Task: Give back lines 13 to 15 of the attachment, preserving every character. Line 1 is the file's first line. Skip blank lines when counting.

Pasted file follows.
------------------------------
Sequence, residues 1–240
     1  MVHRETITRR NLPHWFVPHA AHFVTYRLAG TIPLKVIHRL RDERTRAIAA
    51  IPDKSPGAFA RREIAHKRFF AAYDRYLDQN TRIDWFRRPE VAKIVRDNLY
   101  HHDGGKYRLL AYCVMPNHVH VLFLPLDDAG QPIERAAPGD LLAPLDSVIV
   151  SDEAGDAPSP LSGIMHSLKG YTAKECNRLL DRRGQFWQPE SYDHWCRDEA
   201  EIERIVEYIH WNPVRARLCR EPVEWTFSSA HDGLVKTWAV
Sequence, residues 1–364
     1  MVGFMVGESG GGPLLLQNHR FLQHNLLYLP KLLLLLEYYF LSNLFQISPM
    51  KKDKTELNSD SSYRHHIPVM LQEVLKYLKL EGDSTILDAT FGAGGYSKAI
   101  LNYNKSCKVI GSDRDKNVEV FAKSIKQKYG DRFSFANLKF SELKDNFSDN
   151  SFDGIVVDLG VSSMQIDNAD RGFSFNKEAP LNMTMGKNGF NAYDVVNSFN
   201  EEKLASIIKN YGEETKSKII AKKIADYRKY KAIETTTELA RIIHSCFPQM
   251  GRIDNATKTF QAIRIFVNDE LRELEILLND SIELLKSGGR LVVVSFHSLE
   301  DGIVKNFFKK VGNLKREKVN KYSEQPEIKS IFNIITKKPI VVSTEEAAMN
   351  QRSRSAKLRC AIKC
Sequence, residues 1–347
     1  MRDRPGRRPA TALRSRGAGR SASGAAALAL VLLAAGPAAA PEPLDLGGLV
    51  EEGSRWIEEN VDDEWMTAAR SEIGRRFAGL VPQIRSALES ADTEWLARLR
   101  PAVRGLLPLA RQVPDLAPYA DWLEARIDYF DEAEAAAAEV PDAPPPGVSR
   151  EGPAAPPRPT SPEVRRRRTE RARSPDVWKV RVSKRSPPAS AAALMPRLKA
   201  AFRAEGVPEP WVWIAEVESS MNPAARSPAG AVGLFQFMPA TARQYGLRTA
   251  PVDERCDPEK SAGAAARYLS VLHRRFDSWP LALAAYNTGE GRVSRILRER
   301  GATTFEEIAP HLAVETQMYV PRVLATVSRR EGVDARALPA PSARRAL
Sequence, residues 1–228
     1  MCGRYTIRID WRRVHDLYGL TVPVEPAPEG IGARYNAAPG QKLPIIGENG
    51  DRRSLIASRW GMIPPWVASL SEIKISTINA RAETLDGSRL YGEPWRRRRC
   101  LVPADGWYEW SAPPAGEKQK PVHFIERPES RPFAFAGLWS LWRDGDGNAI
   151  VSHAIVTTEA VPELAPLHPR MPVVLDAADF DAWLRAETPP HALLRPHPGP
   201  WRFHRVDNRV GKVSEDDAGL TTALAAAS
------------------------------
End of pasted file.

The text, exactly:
   251  GRIDNATKTF QAIRIFVNDE LRELEILLND SIELLKSGGR LVVVSFHSLE
   301  DGIVKNFFKK VGNLKREKVN KYSEQPEIKS IFNIITKKPI VVSTEEAAMN
   351  QRSRSAKLRC AIKC